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Confronting DeclineThe Political Economy of Deindustrialization in Twentieth-Century New England$

David Koistinen

Print publication date: 2013

Print ISBN-13: 9780813049076

Published to Florida Scholarship Online: May 2014

DOI: 10.5744/florida/9780813049076.001.0001

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(p.245) Appendix 3 A Contemporary Account of Spinoff Banking at the First National Bank of Boston

(p.245) Appendix 3 A Contemporary Account of Spinoff Banking at the First National Bank of Boston

Source:
Confronting Decline
Publisher:
University Press of Florida

The following article appeared in a Boston newspaper in 1960.

‘Total Banking’ Concept Created by First National for Research

Research-based businesses in the broad field of electronics, metals, chemicals, atomics, and nucleonics cannot be properly serviced with old-line banking concepts. This was the conclusion reached by the management of The First National Bank of Boston some years ago, when the infant industries started sprouting along Route 128.

Thoroughly aware of the potential importance of these highly specialized businesses to the future of the region, The First evolved a new concept to handle their needs, which it calls “to[t]al banking.” To carry it out, the Bank established a separate group to concentrate on the particular needs of research-based businesses.

“The relative unfamiliarity of these concerns with the business problems of small companies …,” says Lloyd Brace, chairman of the bank’s board, “was balanced by an equal degree of unfamiliarity on our part, not only with the type of help they would need but also with the complexities of their products and processes. We still have a long way to go on the latter,” Brace adds with a wry smile, “but as a result of our early start and the concentration of our special service group, we feel we have today a working knowledge of the needs of such companies and a sound program for helping meet them.”

Briefly, the bank stands ready to assist a research-based company almost from the moment of its conception. It is often asked to suggest legal and audit counsel. The scientific-minded management may also seek help in locating personnel trained in the functions of finance, production and marketing. As the situation develops, the bank may be able (p.246) to arrange introductions to other concerns with similar interests, to the benefit of both parties. And the bank’s extensive files and nationwide correspondent network provide a ready source of credit information.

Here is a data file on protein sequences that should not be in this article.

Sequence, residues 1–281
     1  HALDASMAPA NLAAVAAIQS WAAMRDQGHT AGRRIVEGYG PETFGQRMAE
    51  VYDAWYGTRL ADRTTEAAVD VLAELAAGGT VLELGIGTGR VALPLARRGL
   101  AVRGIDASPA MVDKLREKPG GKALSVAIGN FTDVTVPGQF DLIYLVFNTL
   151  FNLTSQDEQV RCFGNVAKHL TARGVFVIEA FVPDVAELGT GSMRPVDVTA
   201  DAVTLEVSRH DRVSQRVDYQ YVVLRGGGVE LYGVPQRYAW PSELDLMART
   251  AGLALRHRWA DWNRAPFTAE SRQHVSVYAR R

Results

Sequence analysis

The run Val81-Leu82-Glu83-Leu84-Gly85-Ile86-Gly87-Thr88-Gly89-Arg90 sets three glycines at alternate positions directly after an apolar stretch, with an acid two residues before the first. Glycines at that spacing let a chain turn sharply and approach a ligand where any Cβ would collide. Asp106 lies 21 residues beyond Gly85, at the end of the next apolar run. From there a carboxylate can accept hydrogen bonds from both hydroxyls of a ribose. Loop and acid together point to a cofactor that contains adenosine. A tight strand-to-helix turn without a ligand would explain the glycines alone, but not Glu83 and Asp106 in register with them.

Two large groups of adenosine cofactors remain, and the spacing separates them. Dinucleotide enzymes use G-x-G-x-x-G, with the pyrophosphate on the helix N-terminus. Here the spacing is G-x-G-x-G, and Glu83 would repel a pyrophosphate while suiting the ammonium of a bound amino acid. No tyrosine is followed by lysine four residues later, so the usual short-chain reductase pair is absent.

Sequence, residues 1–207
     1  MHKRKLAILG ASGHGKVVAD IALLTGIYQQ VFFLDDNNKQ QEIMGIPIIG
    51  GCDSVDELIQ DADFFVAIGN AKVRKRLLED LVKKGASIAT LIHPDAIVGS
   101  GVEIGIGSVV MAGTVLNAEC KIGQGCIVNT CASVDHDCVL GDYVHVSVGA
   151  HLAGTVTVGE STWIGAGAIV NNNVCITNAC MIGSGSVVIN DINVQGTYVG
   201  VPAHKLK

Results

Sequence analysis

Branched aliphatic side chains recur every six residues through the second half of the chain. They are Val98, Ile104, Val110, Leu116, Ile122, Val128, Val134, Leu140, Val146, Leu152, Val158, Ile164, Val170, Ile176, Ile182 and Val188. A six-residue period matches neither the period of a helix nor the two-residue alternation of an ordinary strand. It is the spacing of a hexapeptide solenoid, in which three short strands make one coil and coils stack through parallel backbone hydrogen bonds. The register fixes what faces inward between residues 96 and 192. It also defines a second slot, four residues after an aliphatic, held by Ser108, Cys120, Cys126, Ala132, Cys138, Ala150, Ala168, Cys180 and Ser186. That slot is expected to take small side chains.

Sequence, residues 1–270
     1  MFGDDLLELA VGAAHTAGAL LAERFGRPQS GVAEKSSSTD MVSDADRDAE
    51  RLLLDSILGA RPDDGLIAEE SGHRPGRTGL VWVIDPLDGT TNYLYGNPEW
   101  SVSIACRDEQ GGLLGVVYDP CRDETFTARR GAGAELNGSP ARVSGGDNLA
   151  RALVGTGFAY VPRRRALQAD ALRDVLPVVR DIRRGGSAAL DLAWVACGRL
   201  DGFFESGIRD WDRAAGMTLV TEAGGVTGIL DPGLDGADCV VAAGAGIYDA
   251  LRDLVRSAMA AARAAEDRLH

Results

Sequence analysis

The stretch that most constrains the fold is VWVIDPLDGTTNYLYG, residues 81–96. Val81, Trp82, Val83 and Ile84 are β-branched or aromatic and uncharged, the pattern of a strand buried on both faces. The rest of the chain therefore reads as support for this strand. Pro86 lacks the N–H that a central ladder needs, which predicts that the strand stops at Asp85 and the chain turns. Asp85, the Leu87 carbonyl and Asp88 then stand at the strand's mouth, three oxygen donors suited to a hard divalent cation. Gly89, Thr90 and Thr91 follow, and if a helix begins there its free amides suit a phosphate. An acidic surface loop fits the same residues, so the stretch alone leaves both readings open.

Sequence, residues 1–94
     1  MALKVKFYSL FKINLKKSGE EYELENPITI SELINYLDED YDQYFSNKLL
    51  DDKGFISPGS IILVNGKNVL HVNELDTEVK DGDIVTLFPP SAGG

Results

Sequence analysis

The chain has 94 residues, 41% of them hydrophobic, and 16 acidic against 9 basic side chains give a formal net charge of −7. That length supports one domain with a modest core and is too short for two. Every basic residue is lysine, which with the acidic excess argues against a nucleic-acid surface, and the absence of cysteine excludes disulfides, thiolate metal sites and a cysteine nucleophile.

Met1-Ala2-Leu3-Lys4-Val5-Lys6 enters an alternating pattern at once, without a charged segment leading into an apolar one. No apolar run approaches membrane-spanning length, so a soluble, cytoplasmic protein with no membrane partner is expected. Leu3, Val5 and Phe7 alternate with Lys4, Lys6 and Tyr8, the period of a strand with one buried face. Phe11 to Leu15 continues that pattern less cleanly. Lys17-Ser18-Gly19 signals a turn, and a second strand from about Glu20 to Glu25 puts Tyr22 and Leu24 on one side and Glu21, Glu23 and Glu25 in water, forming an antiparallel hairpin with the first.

“Our interest in new companies is well known,” says William Raye, vice president in charge of the special group (known internally as the space men) handling the financing of research-based companies. “As a result we frequently open the door to sources of venture capital, and once the firm gets on its feet, the bank can assist in more direct ways.

“In a number of situations, unsecured loans, accounts receivable financing and V-loan financing have all been made available to the same company within a period of a very few years, as changing conditions and improving financial status have indicated. In other words, we try to bring our knowledge and experience to bear across the whole financing spectrum.”

The technically oriented companies of the Boston area also show an unusual interest in international operations…. Here again, The First contributes to total financial service through its extensive International Division. Research-minded customers can be introduced to their counterparts overseas, making possible the exchange of business leads, as well as engineering, production and research information. Arranging suitable overseas banking connections is another important service of this division.

Assisting smaller businesses is nothing new to The First. “By starting with them early and working right along with them, we feel we have been able to play a real part in their growth over the years,” says Roger Damon, since last October the bank’s president. “What sets these technical growth outfits apart from other smaller businesses is that the almost insatiable demands of industry and defense on their services preclude normal deliberate growth.”

Pointing up the bank’s conviction that these research-based companies are the pace-setters of the future, Mr. Damon concludes: “Any officer of this bank is authorized to make a loan … but as far as researchbased companies are concerned, no loan is refused until it has been carefully reviewed by the group specializing in this field.”

Source: Boston Sunday Herald, June 5, 1960, “First Annual Electronics Review,” 10.